Finally, here are some miscellaneous nuggets to consider, based on the investor presentations I’ve seen over the years:

  • Coordinate in advance the audiovisual requirements (who is going to have/bring what)
  • Have a backup plan (e.g., hard copy of slides)
  • Use the PowerPoint slides as a guide to the discussion, not as cue cards
  • Maintain eye contact with your audience, not the screen
  • Let your passion and excitement about your business show through
  • Do not say that your company does not have competition or any other naive faux pas
  • Walk the fine line between exuding confidence without appearing overconfident
  • Address any 800 pound guerillas positively in the presentation rather than waiting for the inevitable questions and what could be construed as defensive responses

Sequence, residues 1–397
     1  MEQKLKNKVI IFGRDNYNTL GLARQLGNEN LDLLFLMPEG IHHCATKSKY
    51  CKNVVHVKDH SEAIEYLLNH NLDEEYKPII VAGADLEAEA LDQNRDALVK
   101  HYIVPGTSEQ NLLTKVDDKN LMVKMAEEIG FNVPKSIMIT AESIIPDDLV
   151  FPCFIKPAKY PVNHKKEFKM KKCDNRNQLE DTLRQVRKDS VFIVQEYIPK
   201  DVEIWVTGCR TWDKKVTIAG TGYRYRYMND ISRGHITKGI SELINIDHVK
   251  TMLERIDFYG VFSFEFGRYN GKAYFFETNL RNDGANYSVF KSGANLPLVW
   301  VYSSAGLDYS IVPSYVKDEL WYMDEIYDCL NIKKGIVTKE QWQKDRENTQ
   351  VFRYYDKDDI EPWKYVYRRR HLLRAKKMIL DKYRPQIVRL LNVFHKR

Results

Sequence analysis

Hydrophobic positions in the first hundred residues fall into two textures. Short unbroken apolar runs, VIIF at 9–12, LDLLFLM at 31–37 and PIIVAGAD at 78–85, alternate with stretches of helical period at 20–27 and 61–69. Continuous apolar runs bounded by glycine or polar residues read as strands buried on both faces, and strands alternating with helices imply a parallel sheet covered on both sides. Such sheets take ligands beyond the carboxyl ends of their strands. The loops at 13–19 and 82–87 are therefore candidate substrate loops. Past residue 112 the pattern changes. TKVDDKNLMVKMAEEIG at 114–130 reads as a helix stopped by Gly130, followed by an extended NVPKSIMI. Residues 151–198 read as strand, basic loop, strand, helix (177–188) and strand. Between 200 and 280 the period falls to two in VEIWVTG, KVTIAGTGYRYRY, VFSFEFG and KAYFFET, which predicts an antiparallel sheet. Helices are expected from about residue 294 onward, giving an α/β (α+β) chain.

• Avoid eye charts (e.g., detailed spreadsheets, elaborate process or flowchart diagrams); more text does not yield a more compelling case for investment
  • Similarly, convey no more than 2-3 points per slide, with font no smaller than 24 pt
  • If possible, use a good mix of images and text
  • And lastly, rehearse, rehearse, rehearse

Recent articles by Matt Storms

Matt Storms is the president and founder of AlphaTech Counsel, S.C. , which works primarily with high growth companies with operations in the Midwest. In addition to his many articles on WTN News, Matt posts regularly on the AlphaTech blog, which can be found at He can be reached at
The opinions expressed herein or statements made in the above column are solely those of the author, and do not necessarily reflect the views of Wisconsin Technology Network, LLC. WTN accepts no legal liability or responsibility for any claims made or opinions expressed herein.